I'm very sorry for the loss of your father in law and my sympathies to your family.

I'm an apprentice at a funeral home going through mortuary school. Yes, what they're asking for is legit.

Unfortunately too many people have biases based on what they've heard in the news or movies. As long as the director is not a pushy sales person and genuinely cares for helping your family, then you're in good hands. And remember - always ask questions! If you're not happy, then you need to let the director know.

Here's a link to the VA website that explains benefits more. Do not hesitate to ask the director for further help with explaining these benefits. That's what their service charge pays for: http://www.vba.va.gov

As long as your father in law was discharged from the military under conditions other than dishonorable, your family has the right to receive a flag, burial of the cremated remains in a national cemetery, a headstone and a Presidential Memorial Certificate. The VA will pay $1500 for burial reimbursement if the death was service related. $300 will be paid for burial and funeral expense for "Veterans who were eligible to receive a pension or compensation or would have been entitled to compensation but for receipt of military retirement pay. Eligibility also may be established when death occurs in a VA facility, a nursing home under VA contract or a state nursing home."

"VA will pay a $150 plot allowance when a veteran is not buried in a cemetery that is under U.S. government jurisdiction." For more information on monetary benefits, call 1-800-827-1000.

Also, if your wife's mother (your father in laws wife) is alive, she is entitled to receive a one time payment from Social Security for $255. There is a bit of information that the Social Security office needs for this. Ask your funeral director for Social Security form # SSA-721 for more details. You can also call 1-800-772-1213 to talk to a Social Security representative for help.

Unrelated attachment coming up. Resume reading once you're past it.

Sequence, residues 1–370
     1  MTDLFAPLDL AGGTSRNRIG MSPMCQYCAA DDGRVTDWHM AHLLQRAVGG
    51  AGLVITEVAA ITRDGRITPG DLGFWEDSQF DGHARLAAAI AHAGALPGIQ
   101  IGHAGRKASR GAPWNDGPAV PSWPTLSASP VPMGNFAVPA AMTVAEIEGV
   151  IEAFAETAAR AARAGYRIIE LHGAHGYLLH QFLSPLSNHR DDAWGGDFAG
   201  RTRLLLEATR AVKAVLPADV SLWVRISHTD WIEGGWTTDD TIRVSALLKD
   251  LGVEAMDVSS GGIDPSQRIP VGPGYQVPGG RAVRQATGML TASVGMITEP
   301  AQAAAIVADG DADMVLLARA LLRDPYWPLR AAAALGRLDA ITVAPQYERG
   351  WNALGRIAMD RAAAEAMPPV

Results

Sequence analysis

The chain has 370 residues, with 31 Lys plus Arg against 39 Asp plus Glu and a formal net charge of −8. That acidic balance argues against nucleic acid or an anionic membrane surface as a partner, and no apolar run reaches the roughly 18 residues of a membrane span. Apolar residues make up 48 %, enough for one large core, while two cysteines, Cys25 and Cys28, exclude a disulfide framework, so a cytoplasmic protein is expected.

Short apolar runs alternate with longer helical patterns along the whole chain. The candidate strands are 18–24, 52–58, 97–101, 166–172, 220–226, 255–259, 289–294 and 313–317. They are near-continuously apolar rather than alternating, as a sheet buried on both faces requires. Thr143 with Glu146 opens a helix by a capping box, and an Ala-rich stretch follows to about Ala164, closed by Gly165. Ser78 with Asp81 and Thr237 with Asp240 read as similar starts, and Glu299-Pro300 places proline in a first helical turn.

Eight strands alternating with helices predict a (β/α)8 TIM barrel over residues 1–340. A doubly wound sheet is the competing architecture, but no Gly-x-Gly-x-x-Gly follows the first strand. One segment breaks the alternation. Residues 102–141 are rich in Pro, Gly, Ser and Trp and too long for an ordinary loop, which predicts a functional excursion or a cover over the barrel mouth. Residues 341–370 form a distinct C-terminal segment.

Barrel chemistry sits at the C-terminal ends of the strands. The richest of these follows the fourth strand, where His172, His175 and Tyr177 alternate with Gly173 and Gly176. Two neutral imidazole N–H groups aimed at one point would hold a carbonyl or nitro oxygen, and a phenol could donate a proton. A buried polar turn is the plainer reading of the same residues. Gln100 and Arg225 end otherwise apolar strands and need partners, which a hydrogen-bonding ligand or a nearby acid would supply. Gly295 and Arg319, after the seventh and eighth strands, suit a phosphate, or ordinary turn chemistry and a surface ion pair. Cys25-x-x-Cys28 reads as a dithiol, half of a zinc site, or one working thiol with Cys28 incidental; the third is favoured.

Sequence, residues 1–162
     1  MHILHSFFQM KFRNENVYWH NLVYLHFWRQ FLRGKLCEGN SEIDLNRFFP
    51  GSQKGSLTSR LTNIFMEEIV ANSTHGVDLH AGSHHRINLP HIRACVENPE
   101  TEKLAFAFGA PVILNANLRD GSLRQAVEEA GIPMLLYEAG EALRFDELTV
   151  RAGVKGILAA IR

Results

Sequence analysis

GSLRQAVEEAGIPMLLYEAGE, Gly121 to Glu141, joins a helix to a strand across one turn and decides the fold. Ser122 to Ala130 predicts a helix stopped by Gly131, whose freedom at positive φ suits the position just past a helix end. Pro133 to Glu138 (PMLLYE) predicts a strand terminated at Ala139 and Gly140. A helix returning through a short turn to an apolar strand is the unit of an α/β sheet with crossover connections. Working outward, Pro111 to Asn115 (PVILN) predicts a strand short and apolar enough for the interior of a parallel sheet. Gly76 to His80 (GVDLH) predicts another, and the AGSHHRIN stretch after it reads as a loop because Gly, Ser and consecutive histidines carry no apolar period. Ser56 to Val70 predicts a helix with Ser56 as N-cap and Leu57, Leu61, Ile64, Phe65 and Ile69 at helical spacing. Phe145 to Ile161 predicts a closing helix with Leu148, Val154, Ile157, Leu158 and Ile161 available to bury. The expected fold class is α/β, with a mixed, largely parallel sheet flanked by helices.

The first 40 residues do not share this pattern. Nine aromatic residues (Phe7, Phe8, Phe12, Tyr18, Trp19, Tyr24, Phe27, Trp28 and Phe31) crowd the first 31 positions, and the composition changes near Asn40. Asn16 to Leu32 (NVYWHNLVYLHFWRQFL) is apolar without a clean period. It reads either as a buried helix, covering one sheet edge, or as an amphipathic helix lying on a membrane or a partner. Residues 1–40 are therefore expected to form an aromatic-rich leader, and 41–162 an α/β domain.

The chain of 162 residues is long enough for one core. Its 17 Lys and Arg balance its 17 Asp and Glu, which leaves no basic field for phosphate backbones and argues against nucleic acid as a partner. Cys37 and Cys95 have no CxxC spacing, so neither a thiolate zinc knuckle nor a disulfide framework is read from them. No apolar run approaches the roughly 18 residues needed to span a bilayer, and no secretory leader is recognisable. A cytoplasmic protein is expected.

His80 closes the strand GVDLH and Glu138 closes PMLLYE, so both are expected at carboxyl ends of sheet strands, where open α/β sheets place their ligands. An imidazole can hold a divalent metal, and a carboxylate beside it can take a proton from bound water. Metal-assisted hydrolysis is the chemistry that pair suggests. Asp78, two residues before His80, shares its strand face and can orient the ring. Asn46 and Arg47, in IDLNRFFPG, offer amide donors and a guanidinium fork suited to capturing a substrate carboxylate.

Also, if anyone is uncertain about any funeral home in their area, then stop by and ask for a tour. Talk to the directors and get a feel for how you're treated. You have the right to be treated with respect.

Our society constantly rips on the funeral industry which is understandable. Public education starts with the funeral director and their involvement with the community. Funeral homes should have an expansive library with topics from the DIY funerals to simple cremations, so everyone’s final wishes are thoroughly explored. If the funeral home does not have any books, then your local library should.

rolypolyman, I don’t mean to turn your post into my soapbox. I hope there’s some information in my reply that you find helpful. The funeral industry is a close knit bunch, and we realize the key to changing people’s stereotypes of us is through public education. Those of us who have a soft spot in our hearts for helping grieving families will go above and beyond for you. We will miss holiday dinners and other personal matters just so we can make things right for your family. Any director who would not do just that certainly does not belong in the business.
posted by echolex at 7:25 AM on October 23, 2006 [1 favorite]


In my father's case (he was a WWII vet), the VA paid a small amount of money ($450, I think), provided a headstone, and provided two soldiers and a flag to do a graveside flag ceremony, which was quite nice, actually. He already owned a plot.

My father died in a VA hospital, and they were very helpful. I would definitely talk to the local VA and have them clear up questions.

You'll probably be amazed at how expensive even the most affordable caskets are. Don't let your emotions get carried away with you and buy more than your can afford. And best of luck with all of it. It's a sad and confusing thing.
posted by wheat at 2:00 PM on October 23, 2006